- Helene: Helene is a moon of Saturn, named after Helen of Troy. In Greek myth, the abduction of Helen, by Paris, begins the Trojan War. Helen, the most beautiful woman in the world, is also known as the face that launched a thousand ships.
- Jupiter: The largest planet in our solar system, Jupiter is named after the Roman version of the Greek god, Zeus.
- Leo: The lion constellation of the Zodiac, Leo references the Nemean Lion, whose hide was impervious to weapons. The first of Heracles twelve labors was to slay the beast. Heracles accomplished this by wrestling it to death, then skinned is hide for his characteristic mantle.
- Luna: Luna is the Roman goddess of the moon; her Greek counterpart is Selene.
- Mars: The red planet, Mars is named for the Roman version of the Greek god of war, Ares.
- Mercury: The smallest planet and closest to the sun, Mercury is named for the Roman god of messages, eloquence, commerce, travel, trickery and thieves. He also escorts souls to the Underworld. Mercury’s Greek counterpart of Hermes depicted with a winged helmet and sandals.
- Neptune: Farthest planet from the sun and the fourth largest, Neptune is a cold dark gaseous planet. Named for the Roman god of the oceans, his Greek counterpart is Poseidon.
- Pisces: Two large Syrian river fish assisted with the birth of Aphrodite from the sea foam and later helped to rescue her and Eros from the monster Typhoeus. Their reward was immortality in the heavens as the Pisces constellation in the Zodiac.
- Pluto: A dwarf planet, Pluto is smaller than our moon. Pluto is the Roman counterpart of the Greek god Hades, ruler of the Underworld.
- Procyon: Procyon is The Little Dog Star. Procyon, in Greek, means "before the dog," as this star rises shortly before Sirius, the Dog Star. Procyon is the eighth brightest star in the sky.
- Rigel: Part of the Orion constellation, Rigel is the brightest star in Orion. A frequent destination for the USS Starship Enterprise, Rigel is the 7th brightest star on our sky.
- Saturn: The second largest planet in the solar system, Saturn is a gas giant with rings encompassing its equator and sixty to moons in its orbit. Saturn is named for the Roman god of agriculture; his Greek counterpart is Cronus. Under Cronus’ rule, mankind enjoyed a golden age of prosperity.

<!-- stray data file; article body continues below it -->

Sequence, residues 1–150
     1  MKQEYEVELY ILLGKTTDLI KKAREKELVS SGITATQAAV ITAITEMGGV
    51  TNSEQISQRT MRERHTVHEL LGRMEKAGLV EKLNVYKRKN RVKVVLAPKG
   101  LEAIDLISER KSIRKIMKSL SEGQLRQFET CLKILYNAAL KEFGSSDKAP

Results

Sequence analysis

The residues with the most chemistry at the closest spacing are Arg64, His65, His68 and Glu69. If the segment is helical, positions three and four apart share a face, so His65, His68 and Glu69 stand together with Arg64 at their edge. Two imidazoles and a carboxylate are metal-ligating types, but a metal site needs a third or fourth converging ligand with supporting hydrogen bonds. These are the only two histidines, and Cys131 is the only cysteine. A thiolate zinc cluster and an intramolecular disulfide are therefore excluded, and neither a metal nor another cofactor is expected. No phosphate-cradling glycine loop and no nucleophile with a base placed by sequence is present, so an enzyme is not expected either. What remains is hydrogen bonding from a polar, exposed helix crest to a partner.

- Scorpio: From the Greek word Skorpios, meaning scorpion, this constellation is tied to the Orion constellation through mythology. When the hunter, Orion, boasted that he could slay all of the animals of earth, Earth goddess, Gaia, sent a giant scorpion to kill Orion and prevent the carnage. Following Orion’s demise, the gods placed him, his dog Sirius, and the scorpion in the heavens. Orion and the Scorpio are never seen in the sky at the same time.
- Sirius: The Dog Star and brightest star in the sky, Sirius was the faithful hunting companion of Orion. After Orion's death, Sirius wandered the Earth mourning the loss of his master. The gods took pity on the lonely cannid, and allowed him to join his master's constellation in the heavens.
- Tarvos: A moon of Saturn named after the Gaulish mythological deity, depicted as a bull with three cranes riding on his back.
- Taurus: Named for Tauros, the Cretan Bull of Heracles’ Twelve Labors, Taurus is one of the constellations of the Zodiac. Following Tauros capture by Heracles, he then set the bull free in an Athenian countryside. Here the bull terrorized the denizens of Marathon until he was killed by Theseus. The gods made Tauros immortal, by placing the fallen bull in the heavens. Tauros’ union with Queen Pasiphae of Crete produced the Minotaur.
- Titan: The largest of Saturn’s moons, the Titans were the predecessors of the Olympic gods.
- Virgo: A constellation in the Zodiac, Virgo refers to the virgin goddess of justice, Astraia. Distressed by the increasing lawlessness of the Bronze Age of mankind, Zeus took mercy on Astraia and removed her to the heavens.
- Ursa: Ursa Major is the constellation of stars commonly referred to as the Big Dipper.
- Vega: The brightest star of the constellation Lyra, Vega is the fifth brightest star in the sky.
- Venus: The second planet from the sun, Venus is named for the Roman goddess of beauty and love. Her Greek counterpart is Aphrodite.